You will most likely be transported to the nearest medical facility and then transferred/referred to a higher level facility. If you are conscious and able to speak for yourself, you may direct the transport to a particular hospital if you have the means to pay for such service.

In the case of medevac, the most common destinations are Nairobi Kenya & Johannesburg South Africa. It will depend on what is specified in your insurance coverage.


According to a 2013 post on “DEPUTY Minister for Regional Administration and Local Government, Mr Aggrey Mwanri, has said that ambulance services are supposed to be free of charge.

 Mr Mwanri said it was against the law to make patients pay for the service when in need since the government issues fuel and pays for the maintenance of the vehicles, thus no need to charge patients.”


Check with your health insurer before traveling to Tanzania to see if they cover you overseas, and to see if they cover emergency evacuation in the event of a serious health issue.

See the US Department of State’s website on supplemental insurance coverage


Common Emergencies in Tanzania
  • ROAD TRAFFIC INJURIES – According to the World Health Organization, Tanzania has a traffic fatality rate of 32.9/ 100,000 population, compared to just 10.6 in the United States (2015)
  • INFECTIOUS DISEASE – According to the CDC, the following infectious diseases are present in Tanzania:
    • Dengue
    • Cholera
    • Malaria: CDC estimates a high risk for travelers
    • Zika virus:
    • Typhoid: Transmission through infected food or water
    • Yellow Fever: More likely in visitors with prolonged stays
Recommended Vaccinations for Tanzania

According to the US Centers for Disease Control and Prevention (CDC), different groups of travelers will require different vaccinations for travel in Tanzania:

  • All Travelers:
    • Measles-mumps-rubella (MMR) vaccine
    • Diphtheria-tetanus-pertussis vaccine
    • Varicella (chickenpox) vaccine
    • Polio vaccine
    • Your yearly flu shot
  • Most Travelers:
    • Hepatitis A
    • Typhoid
  • Some Travelers:
    • Cholera
    • Hepatitis B
    • Malaria
    • Rabies
    • Yellow Fever – “Country entry requirement: The government of Tanzania requires proof of yellow fever vaccination upon arrival if you are traveling from a country with risk of yellow fever (this does not include the US – see complete list: Countries with risk of yellow fever virus (YFV) transmission.)

Read more about travel in Tanzania at the CDC website: (Last accessed: Aug. 7, 2017)

All healthcare related activities in Tanzania are governed by the Ministry of Health, Community Development, Gender, Elderly and Children. However, there are no national guidelines or governance in Tanzania specifically for prehospital emergency care.

Telecommunications are regulated by Tanzania Communications Regulatory Authority (TRCA)

  • Adhvaryu AR, Beegle K. “The Long-Run Impacts of Adult Deaths on Older Household Members in Tanzania.” Economic Development and Cultural Change; 2012;60(2):245–77.
  • Baker T, Lugazia E. “Emergency and critical care services in Tanzania: a survey of ten hospitals.”BMC Health Serv Res. 2013 Apr 20;13:140–9.
  • Casey ER, Muro F, Thielman N. “Analysis of traumatic injuries presenting to areferral hospital emergency department in Moshi,Tanzania.” Int J Emerg Med. 2012 Jul 30;5(28):1–7.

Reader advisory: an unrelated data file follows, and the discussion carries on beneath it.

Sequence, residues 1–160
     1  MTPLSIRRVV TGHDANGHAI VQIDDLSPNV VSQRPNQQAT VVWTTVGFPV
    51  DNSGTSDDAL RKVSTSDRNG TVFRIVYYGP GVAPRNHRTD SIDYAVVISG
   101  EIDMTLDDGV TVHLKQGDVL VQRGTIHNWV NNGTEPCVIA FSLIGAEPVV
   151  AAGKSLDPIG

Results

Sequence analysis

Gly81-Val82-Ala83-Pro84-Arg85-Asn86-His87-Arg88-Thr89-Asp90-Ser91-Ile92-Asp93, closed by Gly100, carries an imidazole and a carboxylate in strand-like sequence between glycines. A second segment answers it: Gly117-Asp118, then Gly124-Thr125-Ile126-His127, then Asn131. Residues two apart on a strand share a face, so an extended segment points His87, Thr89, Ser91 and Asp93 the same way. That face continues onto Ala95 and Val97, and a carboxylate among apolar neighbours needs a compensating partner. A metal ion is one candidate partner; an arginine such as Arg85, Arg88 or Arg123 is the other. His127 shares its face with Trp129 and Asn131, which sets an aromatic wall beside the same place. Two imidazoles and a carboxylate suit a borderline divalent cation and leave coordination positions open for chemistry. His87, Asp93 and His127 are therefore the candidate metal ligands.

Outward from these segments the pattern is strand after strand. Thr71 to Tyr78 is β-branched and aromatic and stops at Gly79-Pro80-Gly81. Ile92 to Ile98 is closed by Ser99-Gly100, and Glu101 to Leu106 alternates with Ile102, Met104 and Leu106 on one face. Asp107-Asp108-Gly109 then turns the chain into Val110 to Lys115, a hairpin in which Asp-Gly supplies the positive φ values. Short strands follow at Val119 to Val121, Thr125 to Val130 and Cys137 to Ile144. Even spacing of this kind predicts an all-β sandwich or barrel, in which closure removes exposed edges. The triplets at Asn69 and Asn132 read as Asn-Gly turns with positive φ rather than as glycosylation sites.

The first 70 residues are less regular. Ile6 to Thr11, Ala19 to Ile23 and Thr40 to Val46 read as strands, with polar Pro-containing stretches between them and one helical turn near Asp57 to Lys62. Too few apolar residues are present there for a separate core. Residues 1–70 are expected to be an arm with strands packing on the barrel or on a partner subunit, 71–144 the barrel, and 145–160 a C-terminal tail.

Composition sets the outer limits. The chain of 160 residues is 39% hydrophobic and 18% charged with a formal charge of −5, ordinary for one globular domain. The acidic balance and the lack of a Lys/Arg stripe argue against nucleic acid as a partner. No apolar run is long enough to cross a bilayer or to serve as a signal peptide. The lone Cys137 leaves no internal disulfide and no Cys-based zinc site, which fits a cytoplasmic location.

• Chalya PL, Dass RM, Mchembe MD, Mbelenge N, Ngayomela IH, Chandika AB, et al. “Citywide trauma experience in Mwanza, Tanzania: a need for urgent intervention.” J Trauma Manag Outcomes; 2013 Nov 11;7(1):1–1.
  • Chalya PL, Mabula JB, Dass RM, Mbelenge N, Ngayomela IH, Chandika AB, et al. “Injury characteristics and outcome of road traffic crash victims at Bugando Medical Centre in Northwestern Tanzania.” J Trauma Manag Outcomes. BioMed Central Ltd; 2012 Feb 9;6(1):1.
  • Cox M, Shao J. “Emergency medicine in a developing country: Experience from Kilimanjaro Christian Medical Centre, Tanzania, East Africa.” Emerg Med Australas. 2007 Oct;19(5):470–5.
  • Evjen-Olsen B, Olsen Ø, Kvåle G. “Achieving progress in maternal and neonatal health through integrated and comprehensive healthcare services – experiences from a programme in northern Tanzania.” Int J Equity Health. 2009;8(1):27.
  • Kuzma K et al: “The Tanzanian trauma patients’ prehospital experience: a qualitative interview-based study.” BMJ Open. 2015;5(4):e006921.
  • Little RM, Kelso MD, Shofer FS, Arasaratnam MH, Wentworth S, Martin IBK. “Acute care in Tanzania: Epidemiology of acute care in a small community medical centreLes soins aigus en Tanzanie: Épidémiologie des soins aigus dans un petit centre médical communautaire.” Afri J Emerg Med; 2013 Dec 1;3(4):164–71.
  • Lund Sorensen B, Bruun Nielsen B, Raschl V, Elsass P. “User and provider perspectives on emergency obstetric care in a Tanzanian rural setting: A qualitative analysis of the three delays model in a field study.” African Journal of Reproductive Health. 2011 Sep 1;15(2):117–30.
  • Nicks BA, Sawe HR, Juma AM, Reynolds TA. “The state of emergency medicine in the United Republic of Tanzania.” Afri J Emerg Med; 2012 Sep 1;2(3):97–102.
  • Pereira C, Mbaruku G, Nzabuhakwa C, Bergström S, McCord C. “Emergency obstetric surgery by non-physician clinicians in Tanzania.” Int J Gynaecol Obstet; 2011 Aug 1;114(2):180–3.
  • Reynolds TA, Mfinanga JA, Sawe HR, Runyon MS, Mwafongo V. “Emergency care capacity in Africa: A clinical and educational initiative in Tanzania.” J Public Health Policy 2012 Dec 5;33(S1):S126–37.
  • Rotich, CC. Evaluating Access to Prehospital Care for Traumatic Brain Injury Patients in a Resource Limited Setting: Focus on Prehospital Transport. INJ PREV2015;21:A9.
  • Schmid T, Kanenda O, Ahluwalia I, Kouletio M. “Transportation for Maternal Emergencies in Tanzania: Empowering Communities Through Participatory Problem Solving.” Am J Pub Health. 2001 Oct 17;91(10):1589–90.
  • Spangler SA. “Assessing skilled birth attendants and emergency obstetric care in rural Tanzania: the inadequacy of using global standards and indicators to measure local realities.” Reproductive Health Matters; 2012 Jun 1;20(39):133–41.
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  • Tanzania Fire and Rescue Act of 2007 (pdf)
  • Tanzania Fire and Rescue Act Regulations, 2014 (pdf)


% of Seriously Injured Transported by Ambulance in Tanzania, 2013

< 10%

[Source: 2013 Global Status Report on Road Safety, WHO]


[Source: 2015 Global Status Report on Road Safety, WHO]


[Source: 2014 Global Status Report on Violence Prevention, WHO-UNDP]